SEC Dings BlackRock for Pre-taliation Clauses
The SEC fined investment firm BlackRock $344,000 this week for forcing more than 1,000 employees to sign away their whistleblower rights in severance contracts—although the story here is more about how a little remediation can go a long way.
The BlackRock error isn’t anything new: the firm had language in its severance agreements that required employees to waive their right to collect whistleblower rewards if they reported misconduct to regulators. BlackRock added the waiver provision in October 2011, after the SEC adopted its whistleblower program rules, and continued using it in separation agreements until March 2016.
That led to some unusually testy language in the SEC’s press release on Tuesday announcing the sanction.
“BlackRock took direct aim at our whistleblower program by using separation agreements that removed the financial incentives for reporting problems to the SEC,” said Anthony Kelly, co-chief of the Enforcement Division’s Asset Management Unit. “Asset managers simply cannot place restrictions on the ability of whistleblowers to accept financial awards for providing valuable information to the SEC.”
So take that, asset managers!
The good news is that BlackRock removed the offending language last year on its own, during a routine review of corporate policies. And no evidence exists that BlackRock ever tried to enforce its pre-taliation language, nor that any ex-employees were intimidated by the language.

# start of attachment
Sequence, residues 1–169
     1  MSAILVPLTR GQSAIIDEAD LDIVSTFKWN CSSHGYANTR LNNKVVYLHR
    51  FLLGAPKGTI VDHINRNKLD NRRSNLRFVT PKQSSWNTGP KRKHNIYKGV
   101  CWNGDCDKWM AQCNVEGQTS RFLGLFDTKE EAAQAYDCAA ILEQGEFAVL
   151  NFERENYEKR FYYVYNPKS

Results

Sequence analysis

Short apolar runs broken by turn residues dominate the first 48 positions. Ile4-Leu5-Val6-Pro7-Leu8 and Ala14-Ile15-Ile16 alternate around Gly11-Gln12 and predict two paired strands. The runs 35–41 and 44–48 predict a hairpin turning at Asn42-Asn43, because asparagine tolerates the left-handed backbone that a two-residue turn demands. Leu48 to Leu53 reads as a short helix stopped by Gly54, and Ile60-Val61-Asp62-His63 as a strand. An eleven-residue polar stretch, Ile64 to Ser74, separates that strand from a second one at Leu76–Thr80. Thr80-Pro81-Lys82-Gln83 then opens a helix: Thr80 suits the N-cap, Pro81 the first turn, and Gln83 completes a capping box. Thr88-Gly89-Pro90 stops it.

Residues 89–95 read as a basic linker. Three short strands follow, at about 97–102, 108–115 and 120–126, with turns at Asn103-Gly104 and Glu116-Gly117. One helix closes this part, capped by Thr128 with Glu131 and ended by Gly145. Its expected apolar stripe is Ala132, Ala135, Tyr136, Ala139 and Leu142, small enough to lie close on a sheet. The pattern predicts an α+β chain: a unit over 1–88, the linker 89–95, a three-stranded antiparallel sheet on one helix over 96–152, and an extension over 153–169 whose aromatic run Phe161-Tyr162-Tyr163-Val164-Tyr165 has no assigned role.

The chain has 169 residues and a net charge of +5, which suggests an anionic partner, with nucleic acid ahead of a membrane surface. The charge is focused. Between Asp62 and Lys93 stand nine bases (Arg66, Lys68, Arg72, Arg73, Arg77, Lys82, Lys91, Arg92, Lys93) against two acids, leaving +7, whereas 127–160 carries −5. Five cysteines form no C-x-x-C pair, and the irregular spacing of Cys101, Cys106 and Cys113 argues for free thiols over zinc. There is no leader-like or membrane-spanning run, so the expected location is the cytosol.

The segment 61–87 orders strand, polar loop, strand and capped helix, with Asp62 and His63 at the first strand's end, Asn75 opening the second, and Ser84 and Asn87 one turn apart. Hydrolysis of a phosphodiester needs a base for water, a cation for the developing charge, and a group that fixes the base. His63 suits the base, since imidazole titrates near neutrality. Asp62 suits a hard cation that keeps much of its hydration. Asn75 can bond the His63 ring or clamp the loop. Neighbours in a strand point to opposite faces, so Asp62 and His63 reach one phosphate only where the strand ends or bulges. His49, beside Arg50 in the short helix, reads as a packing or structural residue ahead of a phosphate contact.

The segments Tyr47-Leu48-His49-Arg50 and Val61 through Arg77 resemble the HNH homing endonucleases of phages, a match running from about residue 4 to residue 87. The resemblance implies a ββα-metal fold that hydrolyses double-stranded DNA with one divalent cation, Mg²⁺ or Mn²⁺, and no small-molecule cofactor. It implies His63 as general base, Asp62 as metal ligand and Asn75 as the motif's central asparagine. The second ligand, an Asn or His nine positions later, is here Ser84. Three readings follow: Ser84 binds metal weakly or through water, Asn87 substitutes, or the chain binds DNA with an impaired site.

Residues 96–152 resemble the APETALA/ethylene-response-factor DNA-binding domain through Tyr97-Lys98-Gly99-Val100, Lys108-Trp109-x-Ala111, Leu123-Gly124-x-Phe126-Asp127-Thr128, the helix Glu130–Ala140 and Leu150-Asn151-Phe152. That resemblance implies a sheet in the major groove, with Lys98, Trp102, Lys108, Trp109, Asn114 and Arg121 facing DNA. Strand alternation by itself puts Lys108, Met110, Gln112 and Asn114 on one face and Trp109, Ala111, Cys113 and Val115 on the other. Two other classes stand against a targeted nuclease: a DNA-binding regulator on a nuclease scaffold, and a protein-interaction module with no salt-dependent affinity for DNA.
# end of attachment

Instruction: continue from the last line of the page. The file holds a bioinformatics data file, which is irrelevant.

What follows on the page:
Still, BlackRock did insert its pre-taliation language after the SEC adopted its whistleblower rules. That implies an awareness that employees might want to cash out by approaching regulators, and a desire to persuade employees otherwise. That annoyed the SEC enough for the $344,000 fine.
In the grand scheme of the SEC’s other pre-taliation sanctions, this one isn’t terribly remarkable. BlackRock imposed the agreements on a relatively large number of people (1,067) compared to other companies dinged for pre-taliation, but it did discover and fix the offending language before being asked. (Ultimately the SEC did discover BlackRock’s case as part of an industry-wide inquiry the SEC conducted last year.)
For some perspective, BlackRock paid a penalty of $322 per offending contract. Compare that to SandRidge Energy, which did try to use pre-taliation clauses to pressure whistleblowers. Last month the SEC fined SandRidge $1.4 million for imposing those contracts only 546 employees. That’s $2,564 per offending contract.
So as I’ve said numerous times: pre-taliation is one of the unforced errors in corporate compliance. You can solve it with a global find-and-replace exercise that will take less than a day to fix. Companies still have plenty of other ways to prevent employees from sharing confidential information with legitimate threats like competitor companies.
We don’t know how much longer the SEC’s pre-taliation crackdown will last. Perhaps the crackdown will run its course naturally; perhaps upon arrival of the Trump Administration, new leadership at the SEC will tell the Office of the Whistleblower to cool its heels.
At least for now, however, the SEC’s message on pre-taliation seems to be getting heard.
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